Tony Bates wrote his five wishes for online learning in 2023, along with reasons why he’s somewhat pessimistic about them being fulfilled. I wanted to spend a few minutes here discussing alternatives to Tony’s second wish: “A national certification program for higher education instructors.” If this wish has a “5% odds of happening” (and I agree with Tony here), what kinds of alternatives might have greater chances of success?

Provincial responsibility for higher education means that (at present) this is the kind of wish that is dead in the water. Some alternatives that might go towards addressing the problems of teaching competence might be the following:

  • Provincial certification programs for higher education instructors. The BC government has developed a digital learning strategy, which includes a variety of steps, resources, actions, recommendations, and tools to support and expand the effective and equitable use of digital learning in the province. With a strategy in place, developing a provincial certification program makes good sense. Some of the challenges that Tony identifies a federal program facing will still be present in the provincial context (e.g., research-teaching hierarchies, cost, academic freedom issues), but the odds of this are greater than 5%. My guesstimate? 10%. Still poor. And smaller-scale. On the other hand, a provincial program, say in BC, might become a proof of concept for other provinces, especially, if it is openly licensed, is cross-disciplinary, and is flexible enough in its design and assessment.
  • Institutional and cross-institutional certification programs, such as BCIT’s Polytechnic Academy proposal, which I understand to be similar to the work that Centers of Teaching and Learning at multiple institutions do, such as, for example, the Facilitating Learning Online (FLO) offerings, that are offered by a number of institutions/organizations in the province. There’s a slew of benefits that can come from  multi-institutional collaboration on such efforts, like Tony describes. I’m more optimistic on this, especially because there was quite a lot of collaboration during the COVID-19 pandemic that might provide the impetus and support for this, and also because I see collaborative-minded institutions coming together for other initiatives (like the new campus that four island institutions are opening in the Westshore).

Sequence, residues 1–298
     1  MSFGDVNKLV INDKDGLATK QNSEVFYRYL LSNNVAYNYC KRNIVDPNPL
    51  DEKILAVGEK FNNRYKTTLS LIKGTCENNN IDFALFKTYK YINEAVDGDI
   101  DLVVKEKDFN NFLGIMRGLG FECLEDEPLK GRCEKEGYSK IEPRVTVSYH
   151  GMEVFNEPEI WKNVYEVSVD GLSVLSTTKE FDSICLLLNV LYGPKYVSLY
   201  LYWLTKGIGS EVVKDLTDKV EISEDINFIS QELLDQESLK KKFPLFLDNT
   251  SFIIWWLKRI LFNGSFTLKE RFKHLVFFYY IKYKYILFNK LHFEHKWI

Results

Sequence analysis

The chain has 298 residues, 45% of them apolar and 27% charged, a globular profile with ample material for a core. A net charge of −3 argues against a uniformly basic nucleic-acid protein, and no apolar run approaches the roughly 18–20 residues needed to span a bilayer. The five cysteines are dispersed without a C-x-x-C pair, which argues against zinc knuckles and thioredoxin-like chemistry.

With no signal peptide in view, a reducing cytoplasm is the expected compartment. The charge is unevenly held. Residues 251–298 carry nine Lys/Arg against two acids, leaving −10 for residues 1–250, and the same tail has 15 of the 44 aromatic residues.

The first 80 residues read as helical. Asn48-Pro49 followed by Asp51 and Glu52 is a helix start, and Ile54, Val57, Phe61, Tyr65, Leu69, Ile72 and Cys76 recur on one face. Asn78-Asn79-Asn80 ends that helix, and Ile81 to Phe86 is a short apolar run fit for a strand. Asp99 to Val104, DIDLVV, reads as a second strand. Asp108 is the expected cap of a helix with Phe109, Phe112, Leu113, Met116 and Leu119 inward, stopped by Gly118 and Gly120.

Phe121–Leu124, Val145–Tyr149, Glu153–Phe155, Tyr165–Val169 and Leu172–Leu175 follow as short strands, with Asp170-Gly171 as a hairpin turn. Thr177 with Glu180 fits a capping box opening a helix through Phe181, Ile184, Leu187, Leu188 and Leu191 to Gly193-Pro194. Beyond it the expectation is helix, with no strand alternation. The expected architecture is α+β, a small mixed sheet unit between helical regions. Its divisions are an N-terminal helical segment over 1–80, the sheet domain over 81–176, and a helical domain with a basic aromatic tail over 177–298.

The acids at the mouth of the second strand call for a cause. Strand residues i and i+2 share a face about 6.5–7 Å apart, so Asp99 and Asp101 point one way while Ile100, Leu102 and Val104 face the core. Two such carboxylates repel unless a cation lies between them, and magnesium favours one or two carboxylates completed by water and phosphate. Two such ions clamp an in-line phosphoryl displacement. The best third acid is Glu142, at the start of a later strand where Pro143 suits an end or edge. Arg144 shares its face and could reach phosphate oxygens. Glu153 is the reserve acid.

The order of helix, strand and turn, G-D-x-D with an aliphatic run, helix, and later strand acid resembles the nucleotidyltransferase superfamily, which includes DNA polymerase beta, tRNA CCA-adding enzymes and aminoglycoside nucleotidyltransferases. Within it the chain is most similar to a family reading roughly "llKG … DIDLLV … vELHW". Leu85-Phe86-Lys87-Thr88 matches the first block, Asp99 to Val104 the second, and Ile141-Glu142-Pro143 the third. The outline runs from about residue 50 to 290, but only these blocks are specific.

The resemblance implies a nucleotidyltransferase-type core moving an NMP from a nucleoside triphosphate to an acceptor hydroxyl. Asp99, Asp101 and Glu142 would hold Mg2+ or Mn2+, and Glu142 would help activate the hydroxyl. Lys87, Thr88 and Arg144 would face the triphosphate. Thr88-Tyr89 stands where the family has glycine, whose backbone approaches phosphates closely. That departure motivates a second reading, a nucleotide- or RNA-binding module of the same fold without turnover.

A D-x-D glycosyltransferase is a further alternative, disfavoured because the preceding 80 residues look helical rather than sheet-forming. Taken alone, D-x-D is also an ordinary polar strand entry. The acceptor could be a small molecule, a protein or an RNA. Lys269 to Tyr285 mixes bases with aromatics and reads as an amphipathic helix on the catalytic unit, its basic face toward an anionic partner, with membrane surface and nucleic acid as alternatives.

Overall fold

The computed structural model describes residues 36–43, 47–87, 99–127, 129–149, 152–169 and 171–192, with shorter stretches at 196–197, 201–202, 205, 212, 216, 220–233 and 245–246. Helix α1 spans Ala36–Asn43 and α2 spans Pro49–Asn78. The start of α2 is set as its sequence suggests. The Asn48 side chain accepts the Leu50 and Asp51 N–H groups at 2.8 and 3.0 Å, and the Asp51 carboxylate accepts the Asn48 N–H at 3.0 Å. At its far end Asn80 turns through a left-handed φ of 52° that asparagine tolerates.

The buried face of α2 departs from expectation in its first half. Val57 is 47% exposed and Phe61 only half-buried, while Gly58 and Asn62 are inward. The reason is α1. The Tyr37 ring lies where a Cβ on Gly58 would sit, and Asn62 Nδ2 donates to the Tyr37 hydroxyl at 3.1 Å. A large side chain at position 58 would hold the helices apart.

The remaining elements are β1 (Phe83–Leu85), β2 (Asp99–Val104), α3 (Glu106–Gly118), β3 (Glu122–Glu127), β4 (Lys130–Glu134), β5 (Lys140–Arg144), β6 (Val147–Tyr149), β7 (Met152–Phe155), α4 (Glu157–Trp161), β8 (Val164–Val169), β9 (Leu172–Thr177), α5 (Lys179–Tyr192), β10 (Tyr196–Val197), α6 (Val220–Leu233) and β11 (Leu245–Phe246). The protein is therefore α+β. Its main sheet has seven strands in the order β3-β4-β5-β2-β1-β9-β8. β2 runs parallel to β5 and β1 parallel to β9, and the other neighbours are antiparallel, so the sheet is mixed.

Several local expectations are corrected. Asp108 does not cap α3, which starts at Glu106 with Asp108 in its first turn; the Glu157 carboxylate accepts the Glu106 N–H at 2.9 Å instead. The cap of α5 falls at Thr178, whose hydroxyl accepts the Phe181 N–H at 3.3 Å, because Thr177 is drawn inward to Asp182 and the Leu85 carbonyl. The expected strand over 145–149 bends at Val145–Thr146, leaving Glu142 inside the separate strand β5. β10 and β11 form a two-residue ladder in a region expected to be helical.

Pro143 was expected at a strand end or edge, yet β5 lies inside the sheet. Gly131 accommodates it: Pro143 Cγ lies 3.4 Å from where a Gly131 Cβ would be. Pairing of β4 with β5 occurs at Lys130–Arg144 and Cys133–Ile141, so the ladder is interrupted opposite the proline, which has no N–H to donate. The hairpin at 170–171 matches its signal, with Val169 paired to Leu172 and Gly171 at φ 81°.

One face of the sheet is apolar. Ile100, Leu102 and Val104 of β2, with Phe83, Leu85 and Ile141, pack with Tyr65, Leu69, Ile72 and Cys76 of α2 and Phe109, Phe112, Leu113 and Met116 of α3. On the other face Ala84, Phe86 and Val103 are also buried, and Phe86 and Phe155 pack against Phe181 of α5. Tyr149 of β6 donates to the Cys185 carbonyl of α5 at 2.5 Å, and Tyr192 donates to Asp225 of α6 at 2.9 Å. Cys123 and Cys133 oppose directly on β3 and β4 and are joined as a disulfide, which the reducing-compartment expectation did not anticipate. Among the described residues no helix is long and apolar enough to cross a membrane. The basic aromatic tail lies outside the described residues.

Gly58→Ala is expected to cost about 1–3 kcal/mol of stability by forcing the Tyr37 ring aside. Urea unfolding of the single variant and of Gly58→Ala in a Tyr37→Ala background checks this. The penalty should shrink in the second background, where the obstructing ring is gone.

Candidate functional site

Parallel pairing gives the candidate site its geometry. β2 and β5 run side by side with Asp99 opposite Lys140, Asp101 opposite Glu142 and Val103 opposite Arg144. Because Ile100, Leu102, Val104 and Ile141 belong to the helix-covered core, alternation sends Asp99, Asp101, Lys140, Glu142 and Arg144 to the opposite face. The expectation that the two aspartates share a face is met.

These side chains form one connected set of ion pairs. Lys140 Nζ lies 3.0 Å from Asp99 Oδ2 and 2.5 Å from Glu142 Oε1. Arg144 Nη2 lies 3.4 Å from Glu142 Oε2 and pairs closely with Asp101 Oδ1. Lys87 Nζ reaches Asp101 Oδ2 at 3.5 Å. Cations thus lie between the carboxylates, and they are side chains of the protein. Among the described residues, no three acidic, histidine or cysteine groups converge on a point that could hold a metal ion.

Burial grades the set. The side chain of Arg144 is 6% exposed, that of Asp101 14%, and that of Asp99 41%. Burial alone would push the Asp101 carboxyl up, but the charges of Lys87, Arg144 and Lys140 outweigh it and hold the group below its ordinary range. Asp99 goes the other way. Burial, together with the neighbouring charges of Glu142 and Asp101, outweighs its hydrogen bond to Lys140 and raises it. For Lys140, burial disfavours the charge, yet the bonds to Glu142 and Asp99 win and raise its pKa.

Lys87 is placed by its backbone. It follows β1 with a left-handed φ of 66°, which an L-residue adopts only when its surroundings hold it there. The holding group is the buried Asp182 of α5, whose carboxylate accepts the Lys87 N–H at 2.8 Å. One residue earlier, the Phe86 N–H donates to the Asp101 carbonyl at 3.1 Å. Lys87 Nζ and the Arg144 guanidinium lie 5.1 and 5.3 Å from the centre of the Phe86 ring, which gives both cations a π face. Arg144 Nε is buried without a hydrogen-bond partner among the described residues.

• Institutional certification programs for future faculty. This is close to my heart. Preparing current doctoral students for online/hybrid teaching – and preparing them for teaching in general – is necessary (which, I might add, also prepares them with skills that are relevant outside of the academy, like leading teams in collaborative groupwork). There’s other challenges here to be sure (such as academic departments agreeing that this is topic that is significant enough to warrant a course/certificate/microcredential/something), but this might be an area where the office/school/college of graduate studies plays a pivotal role. Another challenge: this kind of initiative addresses the current problem, but in the future, while remaining unresponsive to the status quo. It’s not a solution, but it’s part of a package for a solution.

If you would like to add more to this, the comments are open!